The second is that The Wolf of Wall Street actually isn't an attempt at good movie making.  It’s just a hate letter addressed to multiplex-goers.  It’s Scorsese saying, All right, dolts.  You think the 2013 Superman was a good movie?  And Cars and Skyfall and The Secret Life of Walter Mitty?  Well here’s some red meat for you, morons.  Choke on it.  All three hours of it.  And how about you give it a best-picture nod, too, since the fact it came out in December must mean it’s Oscar material? 

The Wolf of Wall Street, this is to say, just might be Scorsese’s Metal Machine Music.

But there’s a third possibility.  And it brings me no joy to introduce it, but I feel, as I gaze out on the smoking ruins of 21st-century American cinema, the time has come to do so.

Maybe there are so few good American movies these days because we’re becoming a nation of philistines.

Maybe Martin Scorsese can’t make a great movie (or even a good one) in 2013 because he’s no longer living in a culture that licenses him to do it.  Maybe he’s working in an America that doesn’t want good movies.  That can’t tell the difference between a good movie and The Hobbit: The Desolation of Smaug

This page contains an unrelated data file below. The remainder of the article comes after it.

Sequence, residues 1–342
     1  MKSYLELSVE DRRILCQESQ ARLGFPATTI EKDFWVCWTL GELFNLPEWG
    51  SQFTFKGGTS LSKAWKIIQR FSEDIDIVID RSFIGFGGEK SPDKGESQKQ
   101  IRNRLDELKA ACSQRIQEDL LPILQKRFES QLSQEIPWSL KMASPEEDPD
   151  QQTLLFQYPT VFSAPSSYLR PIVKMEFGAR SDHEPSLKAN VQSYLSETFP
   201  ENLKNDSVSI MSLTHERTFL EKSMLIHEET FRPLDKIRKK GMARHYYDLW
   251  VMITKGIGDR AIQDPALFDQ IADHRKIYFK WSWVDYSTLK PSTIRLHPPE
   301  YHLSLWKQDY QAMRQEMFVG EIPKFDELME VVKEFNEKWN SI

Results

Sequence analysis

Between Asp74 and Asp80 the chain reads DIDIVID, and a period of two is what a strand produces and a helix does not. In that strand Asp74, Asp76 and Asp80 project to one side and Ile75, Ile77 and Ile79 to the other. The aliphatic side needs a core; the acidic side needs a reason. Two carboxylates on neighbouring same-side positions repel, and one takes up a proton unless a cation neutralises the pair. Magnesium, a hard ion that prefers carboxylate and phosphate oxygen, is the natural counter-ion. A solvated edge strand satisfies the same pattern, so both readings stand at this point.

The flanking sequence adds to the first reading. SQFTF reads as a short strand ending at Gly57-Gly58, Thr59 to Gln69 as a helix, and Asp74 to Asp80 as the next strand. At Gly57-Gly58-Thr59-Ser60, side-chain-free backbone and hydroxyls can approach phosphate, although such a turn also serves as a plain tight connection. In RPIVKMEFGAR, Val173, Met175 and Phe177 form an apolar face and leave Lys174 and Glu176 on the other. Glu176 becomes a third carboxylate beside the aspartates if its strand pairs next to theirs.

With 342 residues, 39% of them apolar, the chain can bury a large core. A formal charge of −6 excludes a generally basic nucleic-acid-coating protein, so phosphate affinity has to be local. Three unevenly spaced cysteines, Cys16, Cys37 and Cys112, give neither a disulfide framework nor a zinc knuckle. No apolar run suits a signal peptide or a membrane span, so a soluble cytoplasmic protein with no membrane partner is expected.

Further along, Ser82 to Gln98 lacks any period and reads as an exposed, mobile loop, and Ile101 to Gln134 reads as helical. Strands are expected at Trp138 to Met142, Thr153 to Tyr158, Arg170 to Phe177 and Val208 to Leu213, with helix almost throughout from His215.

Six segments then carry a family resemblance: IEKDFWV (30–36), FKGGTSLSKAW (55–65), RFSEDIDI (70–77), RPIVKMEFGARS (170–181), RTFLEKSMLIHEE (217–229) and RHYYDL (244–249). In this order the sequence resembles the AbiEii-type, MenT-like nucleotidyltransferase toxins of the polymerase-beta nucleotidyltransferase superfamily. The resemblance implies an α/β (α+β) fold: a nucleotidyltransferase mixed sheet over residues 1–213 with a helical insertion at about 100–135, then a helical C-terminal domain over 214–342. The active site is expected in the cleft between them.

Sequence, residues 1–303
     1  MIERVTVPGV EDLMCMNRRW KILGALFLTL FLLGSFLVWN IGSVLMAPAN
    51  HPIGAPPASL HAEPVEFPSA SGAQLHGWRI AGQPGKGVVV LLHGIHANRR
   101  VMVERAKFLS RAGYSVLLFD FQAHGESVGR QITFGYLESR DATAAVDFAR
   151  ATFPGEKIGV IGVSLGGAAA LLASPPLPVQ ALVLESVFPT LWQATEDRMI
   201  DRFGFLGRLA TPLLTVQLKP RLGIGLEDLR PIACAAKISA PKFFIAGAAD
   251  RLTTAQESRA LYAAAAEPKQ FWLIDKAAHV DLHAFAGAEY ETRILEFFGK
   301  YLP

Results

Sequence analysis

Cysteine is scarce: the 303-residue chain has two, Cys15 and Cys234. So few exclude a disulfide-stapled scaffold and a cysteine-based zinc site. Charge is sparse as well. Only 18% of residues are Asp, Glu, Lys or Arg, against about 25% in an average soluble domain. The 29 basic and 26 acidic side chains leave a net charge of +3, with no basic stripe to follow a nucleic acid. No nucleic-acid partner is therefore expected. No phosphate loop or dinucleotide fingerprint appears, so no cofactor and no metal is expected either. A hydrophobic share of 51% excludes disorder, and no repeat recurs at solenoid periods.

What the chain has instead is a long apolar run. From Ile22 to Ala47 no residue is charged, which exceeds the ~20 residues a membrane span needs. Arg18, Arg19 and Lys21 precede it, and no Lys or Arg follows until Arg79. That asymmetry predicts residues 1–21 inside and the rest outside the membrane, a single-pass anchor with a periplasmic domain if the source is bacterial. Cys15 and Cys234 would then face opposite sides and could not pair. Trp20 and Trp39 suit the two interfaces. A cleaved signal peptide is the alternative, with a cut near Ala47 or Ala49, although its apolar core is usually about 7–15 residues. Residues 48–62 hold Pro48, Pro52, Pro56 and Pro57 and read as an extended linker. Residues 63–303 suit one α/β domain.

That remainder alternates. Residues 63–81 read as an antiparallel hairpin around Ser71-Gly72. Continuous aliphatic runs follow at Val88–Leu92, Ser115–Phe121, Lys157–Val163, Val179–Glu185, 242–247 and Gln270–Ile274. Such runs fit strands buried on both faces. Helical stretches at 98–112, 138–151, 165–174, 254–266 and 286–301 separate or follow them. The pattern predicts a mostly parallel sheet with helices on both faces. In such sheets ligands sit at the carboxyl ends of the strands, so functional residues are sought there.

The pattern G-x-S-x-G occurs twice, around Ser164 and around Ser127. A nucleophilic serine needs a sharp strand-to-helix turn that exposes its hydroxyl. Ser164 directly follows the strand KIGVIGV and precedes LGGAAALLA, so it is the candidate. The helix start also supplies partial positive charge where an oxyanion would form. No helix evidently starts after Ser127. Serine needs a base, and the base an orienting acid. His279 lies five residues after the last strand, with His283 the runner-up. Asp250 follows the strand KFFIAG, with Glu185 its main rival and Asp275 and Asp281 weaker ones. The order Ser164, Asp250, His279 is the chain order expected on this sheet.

Maybe a culture’s desire for good art is the rainwater that makes good art grow.       

Maybe one of our founding assumptions about great popular art is ass-backwards: great artists don’t create mass audiences for themselves through sheer brilliance, persistence, and brute intellectual will.  

Maybe society instead uses its force of will—one harder to see, but no less real—to grow the great art and artists it secretly wants and needs.

Maybe Americans, despite initial widespread expressions of anger and disgust, willed Friedkin and his Exorcist into being.  Or Hitchcock and his Psycho.  Or Waters and his Female Trouble.        

Maybe the veiled social will that gave rise to those great movies and scores of others is now fading away.

Maybe Martin Scorsese’s status as a sometimes-great artist doesn’t make him a magician who can grow a big, strong orange tree in the middle of Death Valley.  Maybe no matter how hard he tries, the best he’ll manage is to raise a gnarly little weed like The Wolf of Wall Street.